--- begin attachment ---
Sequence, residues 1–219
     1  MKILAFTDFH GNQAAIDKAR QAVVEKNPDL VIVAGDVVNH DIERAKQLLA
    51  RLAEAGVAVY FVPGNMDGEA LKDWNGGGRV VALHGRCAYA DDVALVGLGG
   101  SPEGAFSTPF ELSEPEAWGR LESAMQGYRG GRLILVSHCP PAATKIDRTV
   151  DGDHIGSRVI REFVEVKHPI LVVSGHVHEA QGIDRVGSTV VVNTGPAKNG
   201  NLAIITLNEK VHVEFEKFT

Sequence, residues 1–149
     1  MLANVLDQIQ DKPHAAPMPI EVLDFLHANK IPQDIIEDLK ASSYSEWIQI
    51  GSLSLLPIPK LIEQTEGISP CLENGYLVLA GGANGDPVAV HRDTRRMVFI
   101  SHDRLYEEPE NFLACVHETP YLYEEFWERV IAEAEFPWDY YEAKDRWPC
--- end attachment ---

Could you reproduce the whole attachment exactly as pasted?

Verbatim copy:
Sequence, residues 1–219
     1  MKILAFTDFH GNQAAIDKAR QAVVEKNPDL VIVAGDVVNH DIERAKQLLA
    51  RLAEAGVAVY FVPGNMDGEA LKDWNGGGRV VALHGRCAYA DDVALVGLGG
   101  SPEGAFSTPF ELSEPEAWGR LESAMQGYRG GRLILVSHCP PAATKIDRTV
   151  DGDHIGSRVI REFVEVKHPI LVVSGHVHEA QGIDRVGSTV VVNTGPAKNG
   201  NLAIITLNEK VHVEFEKFT

Sequence, residues 1–149
     1  MLANVLDQIQ DKPHAAPMPI EVLDFLHANK IPQDIIEDLK ASSYSEWIQI
    51  GSLSLLPIPK LIEQTEGISP CLENGYLVLA GGANGDPVAV HRDTRRMVFI
   101  SHDRLYEEPE NFLACVHETP YLYEEFWERV IAEAEFPWDY YEAKDRWPC